I strongly recommend seeing “The Mountaintop,” a fictionalized account of a meeting between Dr. Martin Luther King Jr. and Camae, a maid in the Lorraine Hotel in Memphis, Tenn. The play, written by Katori Hall, takes place on April 3, 1968.

The play is a chance encounter between Dr. King and a maid at the Lorraine Hotel, who prompts him to confront his life, his legacy and the future of his people.

That night, Dr. King delivered what is now called his “mountaintop speech” at the Mason Temple – the headquarters of Church of God in Christ – in Memphis.

In concluding his speech, Dr. King said, “Well, I don’t know what will happen now. We’ve got some difficult days ahead. But it really doesn’t matter with me now, because I’ve been to the mountaintop.

“And I don’t mind.

“Like anybody, I would like to live a long life. Longevity has its place. But I’m not concerned about that now. I just want to do God’s will. And He’s allowed me to go up to the mountain. And I’ve looked over. And I’ve seen the Promised Land. I may not get there with you. But I want you to know tonight, that we, as a people, will get to the Promised Land!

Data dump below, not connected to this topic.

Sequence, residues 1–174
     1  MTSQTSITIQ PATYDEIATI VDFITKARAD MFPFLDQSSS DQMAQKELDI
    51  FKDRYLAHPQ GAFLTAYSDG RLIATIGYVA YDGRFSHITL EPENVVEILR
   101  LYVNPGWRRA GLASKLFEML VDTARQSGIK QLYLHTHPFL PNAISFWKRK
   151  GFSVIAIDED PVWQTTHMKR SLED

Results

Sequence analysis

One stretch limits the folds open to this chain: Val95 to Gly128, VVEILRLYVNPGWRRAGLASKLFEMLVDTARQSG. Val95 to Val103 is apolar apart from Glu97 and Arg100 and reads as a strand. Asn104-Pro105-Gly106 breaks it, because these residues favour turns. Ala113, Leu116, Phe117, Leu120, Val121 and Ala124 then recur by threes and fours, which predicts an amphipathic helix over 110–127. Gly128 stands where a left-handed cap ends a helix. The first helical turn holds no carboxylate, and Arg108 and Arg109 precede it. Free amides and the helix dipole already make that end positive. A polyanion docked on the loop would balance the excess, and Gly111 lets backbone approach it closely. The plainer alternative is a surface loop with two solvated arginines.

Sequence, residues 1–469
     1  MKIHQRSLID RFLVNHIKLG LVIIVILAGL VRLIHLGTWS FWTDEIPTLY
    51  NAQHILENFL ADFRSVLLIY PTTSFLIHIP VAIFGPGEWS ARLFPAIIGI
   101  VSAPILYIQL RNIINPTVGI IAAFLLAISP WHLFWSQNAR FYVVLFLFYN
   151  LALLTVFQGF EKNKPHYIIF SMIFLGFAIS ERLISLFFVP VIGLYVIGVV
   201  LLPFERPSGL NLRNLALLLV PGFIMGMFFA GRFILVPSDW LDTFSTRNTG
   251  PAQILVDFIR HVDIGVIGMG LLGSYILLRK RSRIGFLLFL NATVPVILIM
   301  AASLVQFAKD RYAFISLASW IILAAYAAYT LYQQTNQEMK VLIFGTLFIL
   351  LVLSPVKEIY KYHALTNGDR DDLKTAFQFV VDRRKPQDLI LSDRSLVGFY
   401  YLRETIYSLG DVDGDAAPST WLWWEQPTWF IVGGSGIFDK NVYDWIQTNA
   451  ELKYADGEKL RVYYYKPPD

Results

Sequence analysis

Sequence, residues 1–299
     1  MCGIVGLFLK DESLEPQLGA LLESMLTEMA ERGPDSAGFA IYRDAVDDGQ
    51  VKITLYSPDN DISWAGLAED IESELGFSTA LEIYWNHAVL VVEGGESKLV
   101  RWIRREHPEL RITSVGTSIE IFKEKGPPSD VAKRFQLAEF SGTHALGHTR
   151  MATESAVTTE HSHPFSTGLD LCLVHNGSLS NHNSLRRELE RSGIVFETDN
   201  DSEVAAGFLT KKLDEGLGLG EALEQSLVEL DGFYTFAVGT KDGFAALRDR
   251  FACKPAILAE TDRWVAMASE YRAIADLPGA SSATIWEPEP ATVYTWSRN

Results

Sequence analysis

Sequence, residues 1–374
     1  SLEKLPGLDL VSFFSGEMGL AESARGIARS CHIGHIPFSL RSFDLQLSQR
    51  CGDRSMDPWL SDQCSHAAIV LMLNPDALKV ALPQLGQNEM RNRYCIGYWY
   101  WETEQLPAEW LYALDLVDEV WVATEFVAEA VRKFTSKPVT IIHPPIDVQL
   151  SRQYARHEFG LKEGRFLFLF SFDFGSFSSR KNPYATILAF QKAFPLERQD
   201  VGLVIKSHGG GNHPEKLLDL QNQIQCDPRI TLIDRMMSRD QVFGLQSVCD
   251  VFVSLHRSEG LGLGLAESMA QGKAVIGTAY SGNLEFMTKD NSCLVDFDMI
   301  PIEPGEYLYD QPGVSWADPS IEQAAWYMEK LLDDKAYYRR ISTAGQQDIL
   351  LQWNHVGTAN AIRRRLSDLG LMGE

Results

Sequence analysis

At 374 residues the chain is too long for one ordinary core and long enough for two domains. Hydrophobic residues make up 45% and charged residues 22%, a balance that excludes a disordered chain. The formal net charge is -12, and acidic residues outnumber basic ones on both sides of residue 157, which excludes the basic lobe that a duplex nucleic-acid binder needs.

“And so I’m happy, tonight.

“I’m not worried about anything.

“I’m not fearing any man!

“Mine eyes have seen the glory of the coming of the Lord!”

The next day, April 4, Dr. King was assassinated as he stood on a balcony of the Lorraine Hotel.

Under the direction of Fleetwood-Jourdain Theatre’s Artistic Director Tim Rhoze, Jelani Pitcher (Dr. King) and Shadanna Patterson (Camae) give powerful and thought-provoking performances. The four – the playwright, the two actors and the director – have the ability to infuse humor into a serious situation and bring it to the audience without a hitch. Masterfully done also is the use of sound effects and lighting, which add to the excitement and depth of the play.

Mr. Rhoze says in his director’s notes, “In this story, set on the eve of Dr. King’s murder, Ms. Hall unabashedly reveals the complexity and simplicity of the man who wrestled with America’s ugliest of societal cancers, as well as his own demons.”

I urge play-goers to see and experience “The Mountaintop.” 

“The Mountaintop” is the first in Fleetwood-Jourdain Theatre’s summer season. It runs through June 30 at the theater in the Noyes Cultural Arts Center, 927 Noyes St.